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  • October 12, 2012

    Best Movies by Farr: Red River

    by John Farr

    John Farr discusses first of five Howard Hawks/John Wayne features.


    Red River (1948)

    Bitter, unyielding cattle breeder Tom Dunson (John Wayne) has been forced to take his large herd through treacherous territory to save his business. His adopted son Matthew (Montgomery Clift, in his film debut)-orphaned years ago in an Indian massacre-joins him, but when the two cross swords over Dunson’s obsessiveness, the older man loses his powerful temper and expels his ward, vowing to kill him if and when he next sees him.

    Why I Love It:
    Director Howard Hawks gave western icon John Wayne another indelible, ruggedly stubborn character to play in his masterful “Red River,” a high point of their many collaborations. Populated by colorful supporting characters, including the salty Walter Brennan as camp cook Groot Nadine, “River” combines psychological drama, action, and suspense in a stirring, expansive western landscape. The final settling of scores between Wayne and Clift is unforgettable.

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  • October 5, 2012

    Best Movies by Farr: The Letter

    by John Farr

    John Farr discusses one of Bette Davis’ classic films, directed by William Wyler.


    The Letter (1940)

    When Leslie Crosbie (Bette Davis), mistress of a rubber plantation in Malaysia, shoots and kills a male friend who pops in and makes advances, trusting husband Robert (Herbert Marshall) wants to protect his shaken bride as best he can. But close friend and lawyer Howard Joyce (James Stephenson) is suspicious of Leslie’s story, owing to the existence of an incriminating letter in the possession of the victim’s Eurasian widow (Gale Sondergaard).

    Why I Love It:
    Adapted from a story by W. Somerset Maugham, “The Letter” is a taut, riveting suspense picture. After the huge success of 1938′s “Jezebel,” director Wyler was asked to helm another Davis picture- and again he hit pay dirt, crafting a dark, sultry atmosphere that complements all the scandalous intrigue. Davis is tops as the lady we love to hate, and Sondergaard’s wordless turn as the wronged woman nearly steals the show. (Trivia note: Wyler, Davis, and Marshall would all reunite the following year for “The Little Foxes”).

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  • September 26, 2012

    New York Film Festival’s 50th Anniversary, the Director’s Last Hurrah

    by Perry Santanachote for NYC-ARTS

    The 2012 New York Film Festival begins Friday, Sept. 28 and marks the 50th anniversary of this influential film series produced by the Film Society of Lincoln Center. It’s also the last lineup Program Director Richard Peña will shape. The life-long movie buff has headed the festival’s selection committee for the past 25 years, watching it grow, evolve and adapt to the digital age. He’ll continue teaching Film Studies at Columbia University and host Reel13 on THIRTEEN, but his next summer will most likely be spent in Brazil instead of the Upper West Side. Here he talks with NYC-ARTS about what’s in store for the big 5-0, how the American audience has changed, and how this shift in movie culture creates the biggest challenge films have ever faced.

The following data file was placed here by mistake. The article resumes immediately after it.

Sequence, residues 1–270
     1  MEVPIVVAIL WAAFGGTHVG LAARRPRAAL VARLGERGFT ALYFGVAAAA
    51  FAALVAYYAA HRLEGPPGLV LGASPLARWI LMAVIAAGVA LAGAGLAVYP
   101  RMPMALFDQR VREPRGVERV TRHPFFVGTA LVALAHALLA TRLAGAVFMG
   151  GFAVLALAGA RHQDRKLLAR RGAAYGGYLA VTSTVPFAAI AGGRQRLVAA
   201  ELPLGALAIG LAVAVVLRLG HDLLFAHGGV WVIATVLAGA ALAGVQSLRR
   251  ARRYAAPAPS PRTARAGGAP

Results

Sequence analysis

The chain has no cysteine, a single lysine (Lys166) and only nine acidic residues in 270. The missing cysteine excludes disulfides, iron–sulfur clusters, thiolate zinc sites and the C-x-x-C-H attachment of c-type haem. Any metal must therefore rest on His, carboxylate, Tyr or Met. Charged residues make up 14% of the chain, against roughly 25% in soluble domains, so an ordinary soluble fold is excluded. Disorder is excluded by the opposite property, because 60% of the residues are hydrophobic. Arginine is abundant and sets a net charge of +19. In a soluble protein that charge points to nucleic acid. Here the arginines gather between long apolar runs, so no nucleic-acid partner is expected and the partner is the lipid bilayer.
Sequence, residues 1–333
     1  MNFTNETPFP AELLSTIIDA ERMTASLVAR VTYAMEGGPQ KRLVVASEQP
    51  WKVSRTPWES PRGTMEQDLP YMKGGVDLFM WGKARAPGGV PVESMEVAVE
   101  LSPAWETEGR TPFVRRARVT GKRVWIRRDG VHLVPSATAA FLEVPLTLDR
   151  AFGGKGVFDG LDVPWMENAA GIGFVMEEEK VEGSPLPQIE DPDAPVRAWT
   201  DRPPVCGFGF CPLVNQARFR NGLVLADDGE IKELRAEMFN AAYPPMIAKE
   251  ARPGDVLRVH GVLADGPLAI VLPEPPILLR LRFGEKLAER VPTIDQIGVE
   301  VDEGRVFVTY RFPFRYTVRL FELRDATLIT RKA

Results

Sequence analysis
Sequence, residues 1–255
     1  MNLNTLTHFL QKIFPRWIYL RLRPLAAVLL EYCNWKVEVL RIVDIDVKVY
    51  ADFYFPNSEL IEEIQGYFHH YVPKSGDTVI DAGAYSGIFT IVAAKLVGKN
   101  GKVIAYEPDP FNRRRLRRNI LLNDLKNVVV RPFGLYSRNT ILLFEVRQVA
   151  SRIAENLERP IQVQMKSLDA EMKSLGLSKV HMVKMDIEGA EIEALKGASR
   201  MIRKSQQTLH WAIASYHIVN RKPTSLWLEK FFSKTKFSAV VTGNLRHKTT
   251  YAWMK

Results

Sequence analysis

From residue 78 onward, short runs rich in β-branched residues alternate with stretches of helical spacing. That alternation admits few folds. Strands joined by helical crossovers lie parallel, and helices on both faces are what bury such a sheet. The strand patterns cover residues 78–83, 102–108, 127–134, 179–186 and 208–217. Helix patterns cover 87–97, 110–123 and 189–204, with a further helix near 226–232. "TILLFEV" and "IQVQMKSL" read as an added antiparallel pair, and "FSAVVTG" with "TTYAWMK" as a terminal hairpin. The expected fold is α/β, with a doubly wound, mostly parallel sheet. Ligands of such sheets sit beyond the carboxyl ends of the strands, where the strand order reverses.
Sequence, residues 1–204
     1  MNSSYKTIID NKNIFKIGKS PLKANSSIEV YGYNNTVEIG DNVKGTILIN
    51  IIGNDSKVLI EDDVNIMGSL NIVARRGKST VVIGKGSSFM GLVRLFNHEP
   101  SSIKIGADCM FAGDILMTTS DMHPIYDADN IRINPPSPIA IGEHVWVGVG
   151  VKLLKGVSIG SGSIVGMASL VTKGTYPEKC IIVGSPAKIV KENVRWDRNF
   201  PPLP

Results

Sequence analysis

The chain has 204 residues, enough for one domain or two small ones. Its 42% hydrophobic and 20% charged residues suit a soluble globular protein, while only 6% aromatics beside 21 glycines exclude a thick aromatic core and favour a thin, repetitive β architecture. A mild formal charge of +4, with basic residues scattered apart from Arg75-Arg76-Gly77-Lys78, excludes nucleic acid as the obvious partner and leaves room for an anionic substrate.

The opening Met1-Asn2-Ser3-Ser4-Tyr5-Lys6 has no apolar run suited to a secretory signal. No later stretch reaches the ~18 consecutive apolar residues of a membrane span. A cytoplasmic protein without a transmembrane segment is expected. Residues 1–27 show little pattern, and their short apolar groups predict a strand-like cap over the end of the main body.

Continue reading at MetroFocus.

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  • September 23, 2012

    Best Movies by Farr: Henry V

    by John Farr

    John Farr discusses the exceptional adaptation of Shakespeare’s finest historical play, starring and directed by Kenneth Branagh.


    Henry V (1989)

    What It’s About:
    When a flap-up with King Charles of France (Paul Scofield) escalates into full-blown war, England’s hotheaded soldier-king Henry V (Kenneth Branagh) assembles an army to invade the Gallic homeland. Drastically outnumbered, Henry rallies courage and leads his men to victory at the Battle of Agincourt, all the while wooing France’s comely Princess Catherine (Emma Thompson).

    Why I Love It:
    With this exceptional adaptation of Shakespeare’s finest historical play, English upstart Kenneth Branagh proved himself worthy of the heights set by Sir Laurence Olivier, whose own 1944 production still shines. Branagh updated the look and feel of the Bard’s drama for modern film-going audiences, making Prince Hal a ferocious, charismatic hero of the battlefield and giving his mud- and blood-soaked war scenes a visceral punch. Plus, how can you argue with a cast that includes luminaries like Dench, Holm, Jacobi, and a who’s who of British theater?

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  • September 16, 2012

    Best Movies by Farr: A Raisin in the Sun

    by John Farr

    John Farr discusses one of Sidney Poitier’s magnificent films, directed by Daniel Petrie.


    A Raisin in the Sun (1961)

    What It’s About:
    Walter Lee Younger (Sidney Poitier) is a proud but frustrated young man counting on his recently widowed mother, Lena (Claudia McNeil), to let him invest her $10,000 life-insurance check in a business which could lift him and his family out of their dead-end existence. Despite her son’s entreaties, Lena plans to buy a home and leave Chicago’s South Side for good, stoking Walter’s anguish and resentment.

    Why I Love It:
    Based on Lorraine Hansberry’s play, Daniel Petrie’s magnificent “A Raisin In The Sun” provides an ideal star vehicle for young Poitier’s explosive talent. The actor projects barely suppressed rage as he pleads with Claudia McNeil’s resolute matriarch, who wants to use her money to buy a new home. Poitier’s raw desperation is palpable as his one chance to better himself slips away. See this for Poitier’s intense performance, and McNeil’s equally powerful turn as his mother. Ruby Dee also scores as Ruth, Walter’s long-suffering wife.

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